Illy tried to sort through the emotions clamouring in her head. She was definitely a little hurt. Like when she hadn’t been chosen for the part of Annie in her high school musical, even though she knew she was a terrible fit for the part. Rejection always stung no matter how inevitable and logical it was. And she was sad, because Jay was becoming a comfortable part of her days and she knew she would miss him. And she was immensely relieved, like someone had finally pulled the sliver out of her finger that she’d been too cowardly to do herself.

She smiled at Jay, a sad sort of resignation smile. “I think you’re right.” She watched him for a while as he chewed his ice, clearly feeling as relieved as she was. “Too bad, though, hey? We’re both such great people.”

Jay laughed and spit the ice shards back in his glass. “Yes, we sure are. But you should find yourself someone a little more beatnik-ish. I don’t think I understood a word of those poems at the coffee house. And I don’t have any black-rimmed glasses.”

“And you definitely need to find someone who plays racquetball. And preferably knows the difference between stocks and bonds.” They both laughed and reached for more chips.

After a few minutes Jay stood up. “I should probably go. I’m sure you have some writing to do. Or incense to burn or something.”

Illy knew he was trying to be affectionate. She passed him his jacket and walked with him to the door. “I do have one question.”

Jay paused with his hand on the doorknob.

“What ever happened to the girl you were dating in this building before we met?”

Jay tilted his head to the side. “In this building? I’ve never dated anyone here before. I hadn’t even stepped foot in the building before Dave bribed me at the bar one night into coming to that writing club thing with him.” He leaned over and kissed her again on the cheek. “Goodbye, Ilia. Good luck.”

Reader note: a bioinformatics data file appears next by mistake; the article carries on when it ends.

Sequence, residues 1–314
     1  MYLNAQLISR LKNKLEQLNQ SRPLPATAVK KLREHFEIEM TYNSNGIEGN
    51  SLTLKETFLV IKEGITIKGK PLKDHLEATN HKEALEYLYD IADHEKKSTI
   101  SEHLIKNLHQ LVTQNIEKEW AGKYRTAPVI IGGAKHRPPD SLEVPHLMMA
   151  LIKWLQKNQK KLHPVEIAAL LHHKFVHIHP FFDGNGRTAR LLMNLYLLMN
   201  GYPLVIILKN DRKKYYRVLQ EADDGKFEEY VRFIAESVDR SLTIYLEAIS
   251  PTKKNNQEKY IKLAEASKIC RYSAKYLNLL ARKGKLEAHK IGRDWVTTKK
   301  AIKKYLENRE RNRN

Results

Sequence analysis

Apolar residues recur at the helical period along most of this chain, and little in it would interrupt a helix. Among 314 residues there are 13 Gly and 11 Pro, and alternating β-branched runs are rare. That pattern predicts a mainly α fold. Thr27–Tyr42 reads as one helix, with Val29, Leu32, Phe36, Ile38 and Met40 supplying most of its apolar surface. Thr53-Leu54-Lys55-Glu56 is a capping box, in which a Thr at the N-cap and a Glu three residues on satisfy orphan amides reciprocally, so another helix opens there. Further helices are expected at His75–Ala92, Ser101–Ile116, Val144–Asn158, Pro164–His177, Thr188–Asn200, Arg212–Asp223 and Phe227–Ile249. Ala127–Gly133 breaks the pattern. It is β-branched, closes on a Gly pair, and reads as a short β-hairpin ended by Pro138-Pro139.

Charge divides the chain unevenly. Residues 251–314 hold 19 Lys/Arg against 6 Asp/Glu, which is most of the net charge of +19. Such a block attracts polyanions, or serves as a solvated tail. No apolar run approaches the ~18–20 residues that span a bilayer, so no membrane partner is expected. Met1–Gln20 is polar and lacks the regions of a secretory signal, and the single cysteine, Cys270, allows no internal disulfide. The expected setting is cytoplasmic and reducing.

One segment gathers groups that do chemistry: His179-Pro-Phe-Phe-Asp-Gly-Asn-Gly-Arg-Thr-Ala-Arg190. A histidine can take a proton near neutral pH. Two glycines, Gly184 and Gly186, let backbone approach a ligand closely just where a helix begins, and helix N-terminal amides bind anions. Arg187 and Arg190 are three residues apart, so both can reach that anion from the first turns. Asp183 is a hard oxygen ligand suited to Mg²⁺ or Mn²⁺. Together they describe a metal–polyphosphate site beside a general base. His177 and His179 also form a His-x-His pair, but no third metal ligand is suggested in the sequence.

Illy stared at the door after it clicked shut, then burst out laughing.


“So he’s not Mocha Man anymore?” June was confused.

“No. He never was. Remember how I never actually saw Mocha Man that fateful morning?” Illy’s phone was lying on the bathroom sink as she leaned toward the mirror and studied her pores. Using speaker phone in the bathroom resulted in an unfortunate echo, but this conversation was too important to just text. “When I saw Jay at the Writers Club I just assumed it had to be him because of his voice or how he looked or something. But it wasn’t. All this time I’ve been waiting for a morning coffee delivery from a poor guy who doesn’t even like coffee. Or mornings for that matter.” Illy squeezed a blackhead on her chin. “I think working in the mall is bad for my skin. My pores look terrible.”

“Wow, I don’t know what to say. About Jay, I mean. I have lots to say about your pores later. Are you sad?”

Illy studied her reflection for a moment before answering. “No. I don’t think so. Well, maybe a little. I’m sad we didn’t have a better connection. But I’m not sad that he ended it. I think we both felt a bit like we had better things to do with our time.”

“This is definitely the most wise and serene you’ve ever been after a break up. Am I not even going to get the benefit of donut hole therapy?”

“As long as you don’t mind if I’m not sobbing, I’m always up for donut holes.” Illy inflated her cheeks for a better view. “I think I need one of those magnifying mirrors that my mother uses to pluck her eyebrows.”

June laughed. “Don’t do it. There are some things you really don’t want to see that closely. I’ll come by tomorrow with donut holes and a great facial cleanser. You’ll feel like a new woman.”

“Thanks, June. You are a constant source of unexpected expertise.”

“I’m honoured you think so. See you tomorrow, and glad you’re doing okay.”

Illy ended the call and stared at the face in the mirror. She noticed that the wrinkles at the edges of her eyes were deepening. When she was little she used to run her fingers gently over those same wrinkles on her mother’s face. Her mother had once told her that while everyone slept, fairies drew those lines around the eyes of the people who laughed the most. Illy had gone to bed dreaming of the day she might have her own fairy lines.

Continue Reading: Chapter Thirty-Eight